• In August 1936, “the Polish Government ordered that all shops include the name of the owner on their business sign. This order was equivalent to specifically marking Jewish-owned businesses.”[34]This position was made explicit and was also published in the semi-official newspaper Gazeta Polska:

The development of the co-operative movement is a healthy and satisfying phenomenon and we should support it notwithstanding the fact that it spells disaster to Jewish trade. I like the Danes very much but if there were three million of them in Poland I would pray to God to take them away. Maybe we should like the Jews very much if there were only 50,000 of them in Poland.[35]

The official anti-Semitism also had a religious legitimacy from the Roman Catholic Church. In fact, in 1936 Cardinal August Hlond expressed Church’s prescriptions against Jews in a official pastoral letter.

It is an actual fact that the Jews fight against the Catholic church, they are free-thinkers, and constitute the vanguard of atheism, bolshevism and revolution. It is also true that in the schools the Jewish youth is having an evil influence, from an ethical and religious point of view, on the Catholic youth. One does well to avoid Jewish shops and Jewish stalls in the markets, but it is not permitted to demolish Jewish businesses. One should protect oneself against the influence of Jewish morals. But it is inadmissible to assault, hit or injure Jews.[36]

• May 1937: the membership of the Polish Medical Association adopted a paragraph into their professional charter excluding Jews from the medical profession.[37]

• May 1937: official state action in May 1938 restricting the ability of Jewish lawyers to attain licenses to practice law.[38]

• 1938: the General Assembly of Journalists officially declared that anyone Jewish could not belong to their organization.[39]

• April 1938, the Bank Polski adopted a provision excluding Jews.[40]

• March 1938: the new Citizenship Law. “This law stated that as of October 30, 1938, the passports of Polish citizens who had lived abroad for more than five years would be revoked if those citizens had not maintained contact with the (home) country.”[41]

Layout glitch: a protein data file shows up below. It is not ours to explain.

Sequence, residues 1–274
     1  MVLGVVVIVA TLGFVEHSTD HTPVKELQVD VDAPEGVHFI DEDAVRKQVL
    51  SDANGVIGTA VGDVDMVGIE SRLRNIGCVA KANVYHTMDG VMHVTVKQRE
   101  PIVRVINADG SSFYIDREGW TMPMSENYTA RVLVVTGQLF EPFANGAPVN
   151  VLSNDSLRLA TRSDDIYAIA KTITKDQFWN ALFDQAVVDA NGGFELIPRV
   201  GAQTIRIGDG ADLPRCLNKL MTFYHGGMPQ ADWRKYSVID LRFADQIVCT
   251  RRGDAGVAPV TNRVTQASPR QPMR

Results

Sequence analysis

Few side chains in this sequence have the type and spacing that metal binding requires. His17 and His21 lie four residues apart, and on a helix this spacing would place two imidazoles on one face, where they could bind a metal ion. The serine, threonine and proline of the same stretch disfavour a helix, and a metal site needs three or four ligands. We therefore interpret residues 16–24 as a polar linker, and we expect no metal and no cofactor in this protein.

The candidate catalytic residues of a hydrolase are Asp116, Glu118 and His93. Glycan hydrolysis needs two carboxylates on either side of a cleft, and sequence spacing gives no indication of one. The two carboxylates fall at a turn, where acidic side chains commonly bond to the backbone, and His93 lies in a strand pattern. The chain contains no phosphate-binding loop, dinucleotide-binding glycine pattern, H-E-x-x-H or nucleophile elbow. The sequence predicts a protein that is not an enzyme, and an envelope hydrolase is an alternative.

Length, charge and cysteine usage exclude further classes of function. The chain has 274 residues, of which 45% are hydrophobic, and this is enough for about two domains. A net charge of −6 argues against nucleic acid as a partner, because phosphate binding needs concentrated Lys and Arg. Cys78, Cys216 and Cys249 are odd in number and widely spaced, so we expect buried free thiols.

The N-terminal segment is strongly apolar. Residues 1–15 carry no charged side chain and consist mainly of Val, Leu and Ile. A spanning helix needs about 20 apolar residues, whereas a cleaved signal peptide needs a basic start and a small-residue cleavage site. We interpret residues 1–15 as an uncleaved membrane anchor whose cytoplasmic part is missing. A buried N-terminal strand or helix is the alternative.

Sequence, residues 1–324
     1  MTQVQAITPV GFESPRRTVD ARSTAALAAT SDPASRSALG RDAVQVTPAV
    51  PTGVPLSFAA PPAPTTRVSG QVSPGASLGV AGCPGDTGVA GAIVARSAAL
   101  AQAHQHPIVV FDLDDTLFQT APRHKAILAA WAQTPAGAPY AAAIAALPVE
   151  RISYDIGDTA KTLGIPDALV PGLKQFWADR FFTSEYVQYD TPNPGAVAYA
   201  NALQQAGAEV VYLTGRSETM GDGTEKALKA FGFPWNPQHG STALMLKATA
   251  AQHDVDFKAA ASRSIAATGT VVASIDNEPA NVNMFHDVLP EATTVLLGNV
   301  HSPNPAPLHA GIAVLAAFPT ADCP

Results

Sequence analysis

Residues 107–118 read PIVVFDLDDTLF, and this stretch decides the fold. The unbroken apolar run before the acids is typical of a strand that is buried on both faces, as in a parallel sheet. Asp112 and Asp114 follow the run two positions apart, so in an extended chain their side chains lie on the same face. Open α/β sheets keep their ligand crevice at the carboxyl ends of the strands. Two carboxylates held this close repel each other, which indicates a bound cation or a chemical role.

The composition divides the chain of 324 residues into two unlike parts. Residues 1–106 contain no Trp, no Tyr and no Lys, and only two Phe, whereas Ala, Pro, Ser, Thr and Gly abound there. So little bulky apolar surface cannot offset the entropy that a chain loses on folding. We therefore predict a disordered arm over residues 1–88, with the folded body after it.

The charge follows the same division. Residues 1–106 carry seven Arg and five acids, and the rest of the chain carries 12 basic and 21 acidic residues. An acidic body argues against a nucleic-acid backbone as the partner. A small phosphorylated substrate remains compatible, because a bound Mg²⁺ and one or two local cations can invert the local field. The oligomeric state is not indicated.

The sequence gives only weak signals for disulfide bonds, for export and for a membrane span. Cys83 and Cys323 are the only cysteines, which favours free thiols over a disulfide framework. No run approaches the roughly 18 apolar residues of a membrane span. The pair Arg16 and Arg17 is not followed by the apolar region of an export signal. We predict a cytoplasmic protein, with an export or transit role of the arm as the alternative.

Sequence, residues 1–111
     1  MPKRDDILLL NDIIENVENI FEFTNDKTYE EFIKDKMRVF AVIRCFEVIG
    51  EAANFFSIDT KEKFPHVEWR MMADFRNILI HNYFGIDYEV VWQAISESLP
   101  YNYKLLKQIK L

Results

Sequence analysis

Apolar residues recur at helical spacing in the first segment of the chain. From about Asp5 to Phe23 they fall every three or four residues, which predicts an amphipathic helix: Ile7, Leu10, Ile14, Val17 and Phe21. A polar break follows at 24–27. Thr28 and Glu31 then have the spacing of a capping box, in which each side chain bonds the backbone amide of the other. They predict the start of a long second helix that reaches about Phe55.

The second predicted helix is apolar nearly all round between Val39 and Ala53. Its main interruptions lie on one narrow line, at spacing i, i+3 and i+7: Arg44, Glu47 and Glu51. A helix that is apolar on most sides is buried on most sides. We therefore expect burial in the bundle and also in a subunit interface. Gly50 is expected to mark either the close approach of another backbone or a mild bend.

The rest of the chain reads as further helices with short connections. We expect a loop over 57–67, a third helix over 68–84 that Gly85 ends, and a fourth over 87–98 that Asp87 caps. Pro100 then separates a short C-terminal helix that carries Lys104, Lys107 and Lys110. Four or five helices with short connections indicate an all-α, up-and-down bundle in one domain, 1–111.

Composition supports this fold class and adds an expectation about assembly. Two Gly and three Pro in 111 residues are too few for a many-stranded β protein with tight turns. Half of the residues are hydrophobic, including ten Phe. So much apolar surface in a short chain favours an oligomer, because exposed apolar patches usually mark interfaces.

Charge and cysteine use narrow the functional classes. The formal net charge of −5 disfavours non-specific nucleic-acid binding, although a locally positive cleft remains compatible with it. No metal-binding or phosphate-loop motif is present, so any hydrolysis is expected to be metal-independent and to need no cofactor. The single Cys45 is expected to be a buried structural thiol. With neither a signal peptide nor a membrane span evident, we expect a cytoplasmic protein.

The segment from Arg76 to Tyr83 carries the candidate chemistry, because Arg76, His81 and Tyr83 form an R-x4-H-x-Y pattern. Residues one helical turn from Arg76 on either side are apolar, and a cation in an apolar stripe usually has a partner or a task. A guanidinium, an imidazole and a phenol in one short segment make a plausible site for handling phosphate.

Although this law did not target Jews specifically, its effect had a dramatic impact on Jews who had lived outside of Poland.  One such community of Jewish expatriates were the tens of thousands of Polish Jews residing in neighbouring Germany.  The Polish action would have effectively rendered these people stateless on German soil, making them a German problem.  Nazi officials, particularly Heinrich Himmler, chief of the SS, and his subordinate, Reinhard Heydrich, had planned since earlier in the year to force Jews—particularly Polish Jews—to leave Germany.  On October 28th – 29th, the SS and Gestapo detained 15,000 Polish Jews and sent them over the German frontier into Poland.  These refugees were turned back by Polish border guards and then interned in a refugee camp “between” Germany and Poland at Zbaszyn.  There they languished under terrible conditions until Poland finally relented and allowed them to enter the country in 1939.[42]

The Polish Madagascar Plan

Polish Government, in 1935, wanted to establish a colonial presence in Africa and to find a territory in order to relocate over three million of Polish Jews; the island of Madagascar was the best option.[43]Poland held no colonies in Africa and Madagascar was under French control. “The Polish government therefore campaigned in Britain and France and in the League of Nations for its right to ten-percent of former German colonial holdings in Africa.”[44] Great Britain and France didn’t accept the Polish request.

These policies (the will of a colonial presence and the Madagascar Plan) represented an attempt to play a important role in international arena.

After the negative response of Great Britain and France, Polish Government decided that the creation of a Jewish colony on Madagascar would have represented the first step for a colonial acquisition. “The basis of Poland’s hopes lay in comments that French Colonial Minister Marius Moutet had made in January 1937 concerning the possibility of sending France’s Jews to many different locations around the world, all of which were French colonial holdings, including the island of Madagascar.”[45]